Finally, your mortgage company will send you details on how to pay your mortgage each month in the form of a first payment letter. Typically, you get a month off from making a mortgage payment. Your first payment will come due one month after closing.
 

Servicing Your Loan

At this point, typical mortgage companies sell your loan to an investor or another financial institution. Mortgages are often sold for two reasons: to free up capital or to make money quickly. It takes your mortgage lender the length of your loan term (often 30 years) to make the full profit off your interest payments. That’s too long for some lenders to wait – so, they sell and make an instant commission. When a lender chooses to sell a loan, they sell the servicing rights.

 

At Guardian Mortgage, we’re not your typical lender. Unlike many mortgage companies, we do not take this approach to mortgages. Our loan professionals care about our customers, and we choose to invest in our long-term customer relationships by servicing most of our customer loans. This means all you have to do is pay your monthly mortgage payment on time and we will take care of the rest. We will:

 
  • Maintain accurate records of the loan balance.
  • Collect escrow funds to pay property taxes and insurance.
  • Send you the tax and interest statement (1098 Statement) for taxes.
  • And much more.
 

To-Dos for Year One of Homeownership

To ensure you are taking full advantage of homeownership, make yourself a note to complete the following to-dos during your first year in your new home. We suggest adding these dates to your planner or digital calendar to help make sure you won’t forget when important dates come due.

 
  • January
    • File a homestead exemption if your new home is your primary residence. A homestead exemption lowers the taxable value of your home. This means your property taxes will decrease, which could add up to considerable savings for you. The process for filing a homestead exemption is different in each state. Check with your county or local tax assessor for details.
       
    • Obtain pro-rated taxes from the last owner of the property. The seller will take responsibility for property taxes up until the day the house is sold. As the buyer, you take on the property taxes from the date your purchase is final. By pro-rating the taxes for the year, you and the seller ensure the property tax payment is fairly distributed.
       
  • February/March/April (Tax Time)
    • Whether you like to do your taxes early or wait until closer to Tax Day, make sure you’ve made a note to take advantage of the various mortgage tax deductions(Opens in a new window) available to you. One of the most important deductions is the mortgage interest deduction. With this deduction, you can subtract the interest you pay on your mortgage loan from your taxable income.
       
  • February
    • Watch for an escrow analysis. This typically occurs in February. If your mortgage company pays your property taxes and homeowner’s insurance for you, you likely have an escrow account. Part of your mortgage payment goes to pay down the principal and interest on your loan, and part of the payment funds your escrow account(Opens in a new window). Your mortgage lender will analyze your escrow account each year to determine if the proper amount of funds are being collected. If your taxes increase, your lender may adjust your monthly escrow payment. This is one of the scenarios in which your monthly mortgage payment can increase.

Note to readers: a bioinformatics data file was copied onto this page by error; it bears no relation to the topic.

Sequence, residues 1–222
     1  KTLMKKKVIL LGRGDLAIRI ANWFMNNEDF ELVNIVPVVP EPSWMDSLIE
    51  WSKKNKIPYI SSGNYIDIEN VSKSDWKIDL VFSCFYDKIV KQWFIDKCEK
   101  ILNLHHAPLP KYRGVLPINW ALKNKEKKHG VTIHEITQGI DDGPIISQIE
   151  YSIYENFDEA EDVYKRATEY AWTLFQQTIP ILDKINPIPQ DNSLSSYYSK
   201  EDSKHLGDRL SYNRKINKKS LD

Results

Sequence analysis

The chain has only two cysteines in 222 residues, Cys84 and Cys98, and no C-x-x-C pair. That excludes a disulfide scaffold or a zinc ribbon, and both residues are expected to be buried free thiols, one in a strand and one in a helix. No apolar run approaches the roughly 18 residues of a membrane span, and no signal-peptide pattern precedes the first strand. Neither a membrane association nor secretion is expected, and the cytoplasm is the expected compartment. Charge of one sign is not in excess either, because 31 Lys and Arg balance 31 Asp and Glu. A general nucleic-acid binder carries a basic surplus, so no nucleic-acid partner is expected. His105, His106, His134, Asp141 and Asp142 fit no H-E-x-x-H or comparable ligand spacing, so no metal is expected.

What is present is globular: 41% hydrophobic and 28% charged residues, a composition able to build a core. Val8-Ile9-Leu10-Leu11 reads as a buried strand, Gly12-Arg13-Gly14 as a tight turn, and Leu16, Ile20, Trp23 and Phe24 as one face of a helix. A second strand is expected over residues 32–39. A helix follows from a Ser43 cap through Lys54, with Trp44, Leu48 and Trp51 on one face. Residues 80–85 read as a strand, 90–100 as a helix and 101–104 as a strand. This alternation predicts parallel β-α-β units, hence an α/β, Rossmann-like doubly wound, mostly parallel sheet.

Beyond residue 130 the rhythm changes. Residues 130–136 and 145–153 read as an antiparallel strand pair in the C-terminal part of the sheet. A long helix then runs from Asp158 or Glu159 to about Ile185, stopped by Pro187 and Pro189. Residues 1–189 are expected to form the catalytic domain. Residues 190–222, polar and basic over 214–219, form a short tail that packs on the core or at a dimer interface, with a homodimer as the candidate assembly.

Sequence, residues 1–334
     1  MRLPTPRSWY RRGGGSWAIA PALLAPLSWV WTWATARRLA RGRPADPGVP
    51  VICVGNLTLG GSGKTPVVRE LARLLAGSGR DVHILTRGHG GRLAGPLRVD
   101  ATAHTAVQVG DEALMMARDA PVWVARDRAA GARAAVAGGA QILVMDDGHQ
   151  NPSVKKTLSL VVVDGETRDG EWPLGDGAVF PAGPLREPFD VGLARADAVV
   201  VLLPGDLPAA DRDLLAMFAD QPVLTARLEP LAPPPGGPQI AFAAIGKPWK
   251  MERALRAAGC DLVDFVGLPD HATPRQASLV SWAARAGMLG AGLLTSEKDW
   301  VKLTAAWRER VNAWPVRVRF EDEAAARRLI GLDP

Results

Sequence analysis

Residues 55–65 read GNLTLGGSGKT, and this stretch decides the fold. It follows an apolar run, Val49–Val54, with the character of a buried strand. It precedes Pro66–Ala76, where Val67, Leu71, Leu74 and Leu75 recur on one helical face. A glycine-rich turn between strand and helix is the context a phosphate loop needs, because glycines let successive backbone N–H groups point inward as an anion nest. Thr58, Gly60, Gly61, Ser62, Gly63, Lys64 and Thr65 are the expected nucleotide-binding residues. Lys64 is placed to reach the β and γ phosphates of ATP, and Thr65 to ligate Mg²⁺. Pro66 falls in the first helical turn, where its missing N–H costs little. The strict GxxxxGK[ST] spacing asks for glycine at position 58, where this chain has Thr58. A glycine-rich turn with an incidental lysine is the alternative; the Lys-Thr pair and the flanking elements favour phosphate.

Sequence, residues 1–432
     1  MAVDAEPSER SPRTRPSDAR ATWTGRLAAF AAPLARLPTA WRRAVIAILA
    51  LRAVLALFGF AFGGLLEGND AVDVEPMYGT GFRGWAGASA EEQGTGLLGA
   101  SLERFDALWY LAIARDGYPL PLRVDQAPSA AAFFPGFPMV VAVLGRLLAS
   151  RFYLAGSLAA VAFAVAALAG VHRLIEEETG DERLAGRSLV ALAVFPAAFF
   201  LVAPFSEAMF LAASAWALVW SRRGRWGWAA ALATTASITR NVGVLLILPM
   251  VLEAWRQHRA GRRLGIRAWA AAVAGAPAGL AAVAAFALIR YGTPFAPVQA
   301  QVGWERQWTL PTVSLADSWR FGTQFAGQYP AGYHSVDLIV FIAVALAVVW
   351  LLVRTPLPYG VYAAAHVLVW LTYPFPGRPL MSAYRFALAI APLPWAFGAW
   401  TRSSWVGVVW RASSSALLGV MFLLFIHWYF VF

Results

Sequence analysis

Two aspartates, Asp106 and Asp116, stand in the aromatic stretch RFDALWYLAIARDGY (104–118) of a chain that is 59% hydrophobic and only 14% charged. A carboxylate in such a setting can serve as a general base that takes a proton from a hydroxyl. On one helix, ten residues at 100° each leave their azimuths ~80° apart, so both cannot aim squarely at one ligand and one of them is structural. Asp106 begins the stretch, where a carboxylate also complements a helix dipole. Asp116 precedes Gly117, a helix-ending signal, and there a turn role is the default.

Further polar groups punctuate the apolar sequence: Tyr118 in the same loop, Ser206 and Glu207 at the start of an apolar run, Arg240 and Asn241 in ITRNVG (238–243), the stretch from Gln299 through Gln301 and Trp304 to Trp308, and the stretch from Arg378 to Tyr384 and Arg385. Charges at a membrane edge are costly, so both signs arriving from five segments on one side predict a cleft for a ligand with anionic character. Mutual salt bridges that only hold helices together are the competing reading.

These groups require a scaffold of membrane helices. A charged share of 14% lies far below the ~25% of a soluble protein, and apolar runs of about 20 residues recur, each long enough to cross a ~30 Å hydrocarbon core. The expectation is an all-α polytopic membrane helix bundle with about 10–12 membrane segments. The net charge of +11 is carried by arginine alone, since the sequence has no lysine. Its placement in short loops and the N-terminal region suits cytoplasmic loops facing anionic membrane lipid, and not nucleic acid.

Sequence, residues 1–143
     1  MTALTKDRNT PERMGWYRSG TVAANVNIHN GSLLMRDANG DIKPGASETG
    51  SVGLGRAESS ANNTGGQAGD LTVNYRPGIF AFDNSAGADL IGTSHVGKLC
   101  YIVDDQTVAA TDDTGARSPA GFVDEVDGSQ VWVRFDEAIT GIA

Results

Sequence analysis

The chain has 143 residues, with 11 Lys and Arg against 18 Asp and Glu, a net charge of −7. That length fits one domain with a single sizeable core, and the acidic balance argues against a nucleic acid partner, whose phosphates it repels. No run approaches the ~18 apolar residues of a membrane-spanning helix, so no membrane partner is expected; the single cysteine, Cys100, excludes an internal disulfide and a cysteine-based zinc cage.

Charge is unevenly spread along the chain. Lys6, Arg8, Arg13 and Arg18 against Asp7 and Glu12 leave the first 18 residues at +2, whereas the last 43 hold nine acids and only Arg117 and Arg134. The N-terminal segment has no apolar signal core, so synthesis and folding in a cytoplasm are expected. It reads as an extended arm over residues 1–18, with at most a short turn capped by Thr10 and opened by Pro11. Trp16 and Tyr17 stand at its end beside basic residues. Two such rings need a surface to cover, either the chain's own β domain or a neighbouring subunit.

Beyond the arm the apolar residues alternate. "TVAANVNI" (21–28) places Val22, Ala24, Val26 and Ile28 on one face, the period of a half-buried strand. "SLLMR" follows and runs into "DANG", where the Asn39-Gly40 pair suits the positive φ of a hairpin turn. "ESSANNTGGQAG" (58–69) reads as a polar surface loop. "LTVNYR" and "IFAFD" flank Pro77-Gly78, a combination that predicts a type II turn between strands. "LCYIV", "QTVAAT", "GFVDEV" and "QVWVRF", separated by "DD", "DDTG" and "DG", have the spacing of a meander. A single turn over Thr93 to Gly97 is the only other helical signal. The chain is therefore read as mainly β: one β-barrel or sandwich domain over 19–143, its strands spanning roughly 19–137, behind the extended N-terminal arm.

• Property taxes increase after construction, so watch for this when your mortgage company conducts your escrow analysis and rebalance. If the county appraised your property prior to the home’s completion, your property taxes will be much lower than they will be once it is appraised with your house on the land. If you did not escrow money for taxes on the “improved value” of the land, you could see a significant jump in your escrow payments to cover the difference.
       
  • April/May
    • Contest your property value if needed. Your property appraisal is directly tied to the amount you pay in property taxes. Each year, around April or May, you’ll receive an appraisal from the county. If you feel your property appraisal is too high, you can contest the appraisal with the county. Each county will have its own set of rules and contention deadlines, which should be listed on your appraisal.
 

Enjoy Homeownership Post-Closing

The home buying process doesn’t end at the closing table, but if you stay on top of the post-closing process it should be smooth sailing. With a clear understanding of what to expect post-closing on your mortgage loan, you’ll be better prepared as a homeowner.

If you have questions about the post-closing process, contact your Guardian Mortgage professional. We are here to help you every step of the way.

Guardian Mortgage and its affiliates do not provide tax, legal or accounting advice. This material has been prepared for informational purposes only, and is not intended to provide, and should not be relied on for, tax, legal or accounting advice. You should consult your own tax, legal and accounting advisors before engaging in any transaction.